SQUID PASSED EAR!!! (Hurray :D)

The battle is won but the war is not yet over.

Today SQUID had it’s EAR (Experiment Acceptance Review) which is the last review before delivery. We pushed through limited time, stressfull days, missing components, late workshop evenings, burning electronic boards, short circuited batteries, system failures, moodswings etc. and finally got through the EAR with positive results.

Mikael Inga was visiting us from the Swedish Space Corporation to carry out the EAR and most of the team was present to discuss and demonstrate the experiments current functionality. The day started of at 9:30 in the morning with a check through what has been done on earlier comments recieved from REXUS and what tests we have performed since last IPR.  Just before lunch we started of by demonstrating the functionality and workings of the experiment interface electronics and after lunch followed a more thorough experiment functionality demonstration in which we let the system run through parts of the intended operational phases finally leading to the moment of thruth, the decision. SQUID has passed EAR but as always there are comments and things to care about but nothing came up that we weren’t already aware of.

Next up is delivery and the team will now take the weekend off to recuperate from the last two weeks of battle because on monday we need to pick up the pace even further. Systems have to be fully tested, fligh boards assembled to the ebox and tested, assembly of a second FFU has to start and everyone should be happy and prepared for hard work (at least us slaves have to be) otherwise the big boss will come after us with his grand master-whip which he talks so much about nowadays 😛

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Busy night before EAR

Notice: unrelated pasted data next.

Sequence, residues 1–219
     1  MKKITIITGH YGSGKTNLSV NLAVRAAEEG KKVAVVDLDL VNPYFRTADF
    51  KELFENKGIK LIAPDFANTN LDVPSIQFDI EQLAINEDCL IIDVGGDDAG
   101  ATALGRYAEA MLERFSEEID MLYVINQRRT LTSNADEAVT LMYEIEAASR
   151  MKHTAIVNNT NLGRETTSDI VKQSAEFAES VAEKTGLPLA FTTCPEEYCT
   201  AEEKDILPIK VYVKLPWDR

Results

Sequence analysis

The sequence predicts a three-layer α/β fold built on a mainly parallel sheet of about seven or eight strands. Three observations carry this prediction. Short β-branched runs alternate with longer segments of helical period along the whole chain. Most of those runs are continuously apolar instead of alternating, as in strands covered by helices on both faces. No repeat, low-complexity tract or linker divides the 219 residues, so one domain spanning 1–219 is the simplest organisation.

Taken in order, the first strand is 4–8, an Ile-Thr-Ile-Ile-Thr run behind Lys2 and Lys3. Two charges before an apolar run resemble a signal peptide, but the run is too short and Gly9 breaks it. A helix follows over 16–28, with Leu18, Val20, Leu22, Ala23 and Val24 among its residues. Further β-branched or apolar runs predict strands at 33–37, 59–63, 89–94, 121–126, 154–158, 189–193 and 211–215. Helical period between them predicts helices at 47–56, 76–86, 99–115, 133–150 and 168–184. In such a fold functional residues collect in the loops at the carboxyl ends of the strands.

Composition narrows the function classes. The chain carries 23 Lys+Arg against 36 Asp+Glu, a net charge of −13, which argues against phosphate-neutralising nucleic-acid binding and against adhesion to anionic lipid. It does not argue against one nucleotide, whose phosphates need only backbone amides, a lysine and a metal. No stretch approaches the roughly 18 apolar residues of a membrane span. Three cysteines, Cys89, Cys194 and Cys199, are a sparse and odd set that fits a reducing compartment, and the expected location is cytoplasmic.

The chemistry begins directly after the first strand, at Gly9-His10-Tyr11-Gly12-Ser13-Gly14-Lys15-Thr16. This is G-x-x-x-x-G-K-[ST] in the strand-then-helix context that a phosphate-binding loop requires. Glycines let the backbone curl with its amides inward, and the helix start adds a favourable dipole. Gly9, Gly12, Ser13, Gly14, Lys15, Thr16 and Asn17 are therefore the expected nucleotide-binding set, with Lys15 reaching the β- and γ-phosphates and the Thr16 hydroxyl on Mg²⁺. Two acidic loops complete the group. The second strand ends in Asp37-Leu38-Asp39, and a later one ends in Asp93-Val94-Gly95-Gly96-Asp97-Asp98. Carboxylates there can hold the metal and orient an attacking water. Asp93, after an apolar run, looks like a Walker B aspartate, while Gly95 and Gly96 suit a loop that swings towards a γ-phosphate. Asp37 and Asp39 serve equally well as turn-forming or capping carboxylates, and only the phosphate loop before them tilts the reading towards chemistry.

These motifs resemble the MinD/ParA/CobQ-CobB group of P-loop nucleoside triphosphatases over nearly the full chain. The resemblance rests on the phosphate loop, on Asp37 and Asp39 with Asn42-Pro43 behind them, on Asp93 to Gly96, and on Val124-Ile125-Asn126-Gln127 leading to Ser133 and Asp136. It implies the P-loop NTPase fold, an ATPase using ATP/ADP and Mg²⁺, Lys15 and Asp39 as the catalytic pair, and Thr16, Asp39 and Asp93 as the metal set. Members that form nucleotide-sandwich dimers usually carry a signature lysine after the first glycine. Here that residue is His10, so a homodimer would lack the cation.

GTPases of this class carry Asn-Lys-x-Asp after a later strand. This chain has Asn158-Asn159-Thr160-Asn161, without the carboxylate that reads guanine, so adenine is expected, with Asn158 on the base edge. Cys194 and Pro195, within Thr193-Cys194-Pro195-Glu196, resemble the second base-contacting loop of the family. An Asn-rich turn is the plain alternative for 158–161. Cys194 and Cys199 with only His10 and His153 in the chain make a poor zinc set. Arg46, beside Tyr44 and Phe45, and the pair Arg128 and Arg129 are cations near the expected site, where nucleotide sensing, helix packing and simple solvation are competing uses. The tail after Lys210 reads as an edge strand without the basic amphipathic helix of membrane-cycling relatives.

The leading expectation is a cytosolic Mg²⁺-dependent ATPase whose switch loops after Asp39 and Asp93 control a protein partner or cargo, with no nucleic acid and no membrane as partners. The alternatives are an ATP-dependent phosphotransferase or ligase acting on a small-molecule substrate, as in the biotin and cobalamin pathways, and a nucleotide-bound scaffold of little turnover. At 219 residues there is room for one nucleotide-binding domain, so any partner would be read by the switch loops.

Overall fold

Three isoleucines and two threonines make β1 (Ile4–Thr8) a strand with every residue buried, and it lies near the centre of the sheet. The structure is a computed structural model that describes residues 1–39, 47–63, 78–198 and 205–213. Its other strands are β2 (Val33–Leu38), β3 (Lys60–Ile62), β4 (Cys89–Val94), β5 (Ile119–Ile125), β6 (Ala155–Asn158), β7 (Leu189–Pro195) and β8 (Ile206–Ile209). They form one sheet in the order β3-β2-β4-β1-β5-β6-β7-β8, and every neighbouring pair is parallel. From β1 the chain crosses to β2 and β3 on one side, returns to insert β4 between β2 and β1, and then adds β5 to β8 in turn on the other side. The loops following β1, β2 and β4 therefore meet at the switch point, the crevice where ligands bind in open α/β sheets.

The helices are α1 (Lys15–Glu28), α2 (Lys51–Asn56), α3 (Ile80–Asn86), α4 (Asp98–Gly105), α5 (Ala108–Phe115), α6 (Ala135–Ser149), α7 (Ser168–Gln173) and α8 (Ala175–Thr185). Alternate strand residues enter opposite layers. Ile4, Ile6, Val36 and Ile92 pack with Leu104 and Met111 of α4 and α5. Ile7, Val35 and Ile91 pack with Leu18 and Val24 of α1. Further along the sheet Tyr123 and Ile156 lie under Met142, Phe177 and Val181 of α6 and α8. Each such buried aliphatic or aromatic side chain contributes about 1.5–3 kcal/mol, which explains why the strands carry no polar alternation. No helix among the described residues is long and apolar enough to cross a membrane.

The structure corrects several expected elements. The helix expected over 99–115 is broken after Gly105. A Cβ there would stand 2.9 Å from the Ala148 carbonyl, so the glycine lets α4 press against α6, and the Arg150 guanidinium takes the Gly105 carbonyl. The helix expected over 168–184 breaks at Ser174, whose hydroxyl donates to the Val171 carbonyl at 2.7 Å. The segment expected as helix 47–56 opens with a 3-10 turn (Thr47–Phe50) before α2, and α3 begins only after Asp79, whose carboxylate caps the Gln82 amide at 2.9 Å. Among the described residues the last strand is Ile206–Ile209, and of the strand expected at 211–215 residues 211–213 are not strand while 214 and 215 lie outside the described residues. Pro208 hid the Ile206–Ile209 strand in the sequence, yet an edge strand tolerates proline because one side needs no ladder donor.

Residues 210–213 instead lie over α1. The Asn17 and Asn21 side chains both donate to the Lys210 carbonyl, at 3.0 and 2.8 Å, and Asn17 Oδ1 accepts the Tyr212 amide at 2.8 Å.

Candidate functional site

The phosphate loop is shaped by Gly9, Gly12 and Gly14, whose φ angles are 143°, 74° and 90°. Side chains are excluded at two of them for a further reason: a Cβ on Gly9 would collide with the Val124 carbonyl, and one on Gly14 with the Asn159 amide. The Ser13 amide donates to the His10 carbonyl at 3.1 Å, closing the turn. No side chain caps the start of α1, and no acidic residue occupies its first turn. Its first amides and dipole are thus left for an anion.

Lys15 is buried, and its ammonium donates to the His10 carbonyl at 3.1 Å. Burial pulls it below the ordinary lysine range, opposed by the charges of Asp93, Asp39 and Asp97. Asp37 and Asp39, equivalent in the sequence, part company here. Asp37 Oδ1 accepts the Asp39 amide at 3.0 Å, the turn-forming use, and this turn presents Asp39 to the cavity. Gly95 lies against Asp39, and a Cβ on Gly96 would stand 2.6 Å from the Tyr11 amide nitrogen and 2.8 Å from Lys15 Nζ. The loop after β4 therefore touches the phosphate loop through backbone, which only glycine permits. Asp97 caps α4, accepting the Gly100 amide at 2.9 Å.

So today has been busy as always. The day started of with that I (Gustav), Jacob and Amer (from the RAIN team) visited Bergtorpskolan, just north of Stockholm. There we held two lectures which where really well visited. During the first one we had 33 pupils listening and during the second one we had as many as 47 pupils listening on how our project works. This was actually some kind of record for us, we’ve never had as many pupils listening to us during a school visit and of course we loved it! The pupils where all very quiet, seemed interested and asked plenty of question so it was a rather success.

However the main thing about this blog post is not the school visit but instead the much more worrying Experiment Acceptence Review which will be taking place here at KTH tomorrow. The whole team is really fighting to get everything to work in time, and as it looks right now most things will actually work tomorrow. Something which however seems to be a huge problem is the reliability of the SCALE. In the future we hope to be able to deal with it by using more standard parts but since some of the has yet to be delivered they have been custom made in the inhouse workshop. This has led to that the two different SCALE systems really seems to have different personalities and most of the times at least one of them have problems when being run. When it comes to the rest of the mechanical parts they however seems to be on place, and the electronics and software also seems to be in a working stage.

So to end this blog post I beg you all to wish us good luck for tomorrows challenge!

The first launches of SQUID: Spring and RID testing